Truth & Utility

Bertie is sad about the prospects of a Truthless existence.

Billions of humans on earth go about their daily business of eating, sleeping, and laboring without the thought of “truth” and “whether or not it is a sort of thing which needs tying to relationships”. Most scientists and engineers go about their daily business without ever stopping to think “Is this relata a truth-bearer to my thinkable?” Yet, advances in computer science and medical technologies continues to thrive?

Do we need a description of what truth is to be able to continue with our progress in these fields of science and technology?

More simply, what utility is derived from knowing the makeup and scope of truth, if any?

With generations, centennials, and millenniums gone by, philosophers are still trying to perfect what it is that truth is. One may afford me to say that, there seems to be a great deal of value, at least to these philosophers, in answering this question and answering it correctly.

As a student interested in the advancement of artificial intelligence, a veridical framework for truth seems like it has tremendous utility. If we are to ever create a general purpose thinking machine, said machine should have installed how it gets about deciding what sort of things are true, or has the potential to be true, etc. Shouldn’t it?

As a retail worker, I never had the need to have such a rigorous framework for truth worked out and applied to my day to day operations. “The cash register has been counted” my manager claims, maybe it has, maybe it hasn’t. The truth of his claims does not interest me, but the phrase itself and what it implicates, namely, that I am not responsible for counting. Much of human life gets on in these terms, people make claims, and we don’t so much care about whether or not those claims are true or not, but whether or not that implicates us to act in a certain manor.

So when do we care about truth in our day to day lives? When does a real strict account for something being true really matter to most people? Dinner can be one example. If you are heading over to your friends house, and you ring to ask them “Will dinner be there upon my arrival?” you are asking them about an account of a material substance (food) and whether or not it will be in a certain location (your friends house) at a certain time (when you arrive). If your friend answers with “Yes”, your friends is essentially stating the following claim “There will be dinner at my house upon your arrival”. Now how do we check is this statement is true or false? Or should we care if this statement is true or false? If it is false, then there just won’t be any dinner there, and then you have a problem of nourishment, not with your friends claim.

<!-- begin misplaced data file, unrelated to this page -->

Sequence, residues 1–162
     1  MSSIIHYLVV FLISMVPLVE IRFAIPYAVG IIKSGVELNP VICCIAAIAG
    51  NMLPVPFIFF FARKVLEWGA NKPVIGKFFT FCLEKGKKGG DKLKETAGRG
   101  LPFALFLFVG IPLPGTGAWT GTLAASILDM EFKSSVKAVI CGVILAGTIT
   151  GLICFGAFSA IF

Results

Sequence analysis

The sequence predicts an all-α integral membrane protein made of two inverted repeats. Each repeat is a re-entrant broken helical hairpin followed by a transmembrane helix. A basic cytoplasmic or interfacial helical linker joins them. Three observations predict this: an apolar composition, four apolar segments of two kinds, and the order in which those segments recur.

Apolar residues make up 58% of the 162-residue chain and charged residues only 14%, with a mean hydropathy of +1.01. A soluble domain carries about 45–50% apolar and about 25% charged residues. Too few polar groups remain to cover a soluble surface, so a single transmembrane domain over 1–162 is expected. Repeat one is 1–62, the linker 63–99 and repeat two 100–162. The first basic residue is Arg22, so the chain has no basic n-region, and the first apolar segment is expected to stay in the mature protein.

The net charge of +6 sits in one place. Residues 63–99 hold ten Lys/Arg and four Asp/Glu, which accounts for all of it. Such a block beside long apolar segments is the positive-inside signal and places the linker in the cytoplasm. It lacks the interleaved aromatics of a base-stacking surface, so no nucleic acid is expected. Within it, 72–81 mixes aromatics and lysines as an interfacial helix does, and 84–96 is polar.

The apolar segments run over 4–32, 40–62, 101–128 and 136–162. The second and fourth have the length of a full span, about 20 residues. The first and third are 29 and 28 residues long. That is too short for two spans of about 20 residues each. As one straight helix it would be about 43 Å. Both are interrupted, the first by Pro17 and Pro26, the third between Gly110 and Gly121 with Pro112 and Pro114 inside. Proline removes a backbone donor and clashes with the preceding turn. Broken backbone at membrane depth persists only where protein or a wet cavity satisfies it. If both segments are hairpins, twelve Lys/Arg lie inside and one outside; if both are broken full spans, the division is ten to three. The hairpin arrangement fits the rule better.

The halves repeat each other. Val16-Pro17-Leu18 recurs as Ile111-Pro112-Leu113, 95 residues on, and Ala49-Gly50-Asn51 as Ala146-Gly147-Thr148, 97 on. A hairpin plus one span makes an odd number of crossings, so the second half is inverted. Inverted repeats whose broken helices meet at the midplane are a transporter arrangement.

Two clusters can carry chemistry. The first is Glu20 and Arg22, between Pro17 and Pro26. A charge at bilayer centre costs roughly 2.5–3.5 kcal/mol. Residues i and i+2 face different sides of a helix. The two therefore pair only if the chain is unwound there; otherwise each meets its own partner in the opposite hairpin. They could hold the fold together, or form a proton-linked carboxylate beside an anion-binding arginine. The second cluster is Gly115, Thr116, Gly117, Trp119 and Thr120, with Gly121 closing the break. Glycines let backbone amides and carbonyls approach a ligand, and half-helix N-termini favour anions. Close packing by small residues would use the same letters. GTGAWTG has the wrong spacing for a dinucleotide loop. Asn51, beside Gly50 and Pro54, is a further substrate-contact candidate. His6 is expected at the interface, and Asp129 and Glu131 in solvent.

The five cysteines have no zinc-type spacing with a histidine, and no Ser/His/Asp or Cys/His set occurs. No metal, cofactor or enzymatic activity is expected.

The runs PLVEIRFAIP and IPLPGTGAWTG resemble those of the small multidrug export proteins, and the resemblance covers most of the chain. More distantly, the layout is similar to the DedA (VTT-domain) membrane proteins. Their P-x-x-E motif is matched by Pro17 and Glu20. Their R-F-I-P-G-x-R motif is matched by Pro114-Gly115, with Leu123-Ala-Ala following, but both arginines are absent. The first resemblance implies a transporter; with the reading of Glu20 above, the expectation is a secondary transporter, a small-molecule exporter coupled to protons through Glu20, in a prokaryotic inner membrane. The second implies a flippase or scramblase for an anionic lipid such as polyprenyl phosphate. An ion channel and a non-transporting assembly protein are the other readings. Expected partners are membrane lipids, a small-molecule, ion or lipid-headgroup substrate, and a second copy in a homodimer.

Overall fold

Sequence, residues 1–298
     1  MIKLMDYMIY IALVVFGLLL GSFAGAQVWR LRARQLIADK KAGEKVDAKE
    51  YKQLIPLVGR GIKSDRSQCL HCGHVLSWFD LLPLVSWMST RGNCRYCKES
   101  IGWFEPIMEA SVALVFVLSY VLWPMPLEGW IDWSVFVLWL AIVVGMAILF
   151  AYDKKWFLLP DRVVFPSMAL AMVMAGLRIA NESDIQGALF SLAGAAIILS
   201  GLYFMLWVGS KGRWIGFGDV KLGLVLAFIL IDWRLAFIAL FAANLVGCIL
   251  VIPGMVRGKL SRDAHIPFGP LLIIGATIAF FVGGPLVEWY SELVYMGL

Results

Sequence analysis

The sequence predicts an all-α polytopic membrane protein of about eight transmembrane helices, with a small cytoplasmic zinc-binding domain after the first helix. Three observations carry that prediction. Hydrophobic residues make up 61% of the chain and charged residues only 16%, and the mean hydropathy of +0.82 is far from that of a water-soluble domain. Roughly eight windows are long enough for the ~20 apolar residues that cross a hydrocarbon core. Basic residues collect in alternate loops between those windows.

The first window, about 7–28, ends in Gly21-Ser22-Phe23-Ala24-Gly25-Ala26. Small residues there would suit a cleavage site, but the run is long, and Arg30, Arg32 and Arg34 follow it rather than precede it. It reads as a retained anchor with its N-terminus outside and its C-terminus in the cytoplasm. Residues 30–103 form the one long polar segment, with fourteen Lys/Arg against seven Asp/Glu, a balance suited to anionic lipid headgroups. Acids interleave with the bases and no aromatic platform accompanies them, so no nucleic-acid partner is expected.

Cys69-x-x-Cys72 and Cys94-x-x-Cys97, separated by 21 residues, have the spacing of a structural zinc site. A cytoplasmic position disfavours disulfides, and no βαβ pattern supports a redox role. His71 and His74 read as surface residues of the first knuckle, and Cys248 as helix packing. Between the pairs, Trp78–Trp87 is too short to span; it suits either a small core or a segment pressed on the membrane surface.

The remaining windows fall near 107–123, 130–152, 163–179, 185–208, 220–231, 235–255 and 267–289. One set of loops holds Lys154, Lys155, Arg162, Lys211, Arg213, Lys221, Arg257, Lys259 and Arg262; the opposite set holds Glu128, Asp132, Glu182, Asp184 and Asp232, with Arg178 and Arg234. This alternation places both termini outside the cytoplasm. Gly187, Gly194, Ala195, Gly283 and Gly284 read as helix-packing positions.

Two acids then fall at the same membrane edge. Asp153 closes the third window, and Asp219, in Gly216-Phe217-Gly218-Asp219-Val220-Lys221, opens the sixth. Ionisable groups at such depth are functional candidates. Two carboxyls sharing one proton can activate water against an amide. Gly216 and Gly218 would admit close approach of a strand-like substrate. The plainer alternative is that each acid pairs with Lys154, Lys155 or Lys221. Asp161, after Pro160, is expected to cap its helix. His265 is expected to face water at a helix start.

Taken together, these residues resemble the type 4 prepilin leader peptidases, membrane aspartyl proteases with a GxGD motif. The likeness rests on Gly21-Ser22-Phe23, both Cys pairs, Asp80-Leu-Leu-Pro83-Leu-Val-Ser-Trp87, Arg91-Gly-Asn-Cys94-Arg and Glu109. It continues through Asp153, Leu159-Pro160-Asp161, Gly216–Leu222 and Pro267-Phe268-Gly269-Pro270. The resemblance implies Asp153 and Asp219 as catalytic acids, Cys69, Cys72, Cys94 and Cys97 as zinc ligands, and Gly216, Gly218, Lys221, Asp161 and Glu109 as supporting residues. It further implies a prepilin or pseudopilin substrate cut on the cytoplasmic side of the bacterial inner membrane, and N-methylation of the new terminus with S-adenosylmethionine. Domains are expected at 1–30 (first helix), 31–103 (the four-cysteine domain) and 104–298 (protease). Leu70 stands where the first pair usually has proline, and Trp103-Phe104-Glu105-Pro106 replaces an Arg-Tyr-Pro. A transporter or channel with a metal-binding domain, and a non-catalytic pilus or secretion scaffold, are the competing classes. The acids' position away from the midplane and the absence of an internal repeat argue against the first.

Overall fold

The day to day goings on, does not care about the truth value of the claim “There will be dinner at my house upon your arrival”. People just don’t care if the claim is true or false, they care about whether or not there will be food provided, or if they need to make other food arrangements. People may get hung up on the fact that “So and so lied to me! There was no food there! Their statement was false! Liar!” Are they mad that their statement was false, or that there was no food, when they said there would be food?

You may say, “They are mad that they made a false statement.” But does this really upset people? Do false statements ever matter? For example, let’s say that your friend claims “There will be dinner at my house upon your arrival” and you arrive at their house, and there is still one second left until the dinner is done. By the time you get to the front door, dinner is ready. Well, dinner wasn’t ready by the time you “arrived”, thus making the claim false. But honestly, who cares? No one would care, I doubt anyone would even know. And yet, the claim was false.

Well this seems ridiculous. How can we have a false claim, and yet think that the claim was true? How often does this happen? What does it mean for truth and its utility, if there a trillions of claims a day being made which result in their falsity, but are interpreted without fuss as true? Does this not beg the obvious question, what is truth good for?

You may still be hung up on the liar example from above. You may still contend that “They made a false statement, and that matters. I want to be able to rely on the claims my friends make, so I may more accurately adjust my actions”. Sure, but again this isn’t a desire to know truth, this is a desire to have more accurate control over one’s own actions. You can get full satisfactory results, if you and your friend engaged in the above, second late, sort of claims. Claims where they are ultimately false, but they are taken as true since no real deficit could result from its falsity.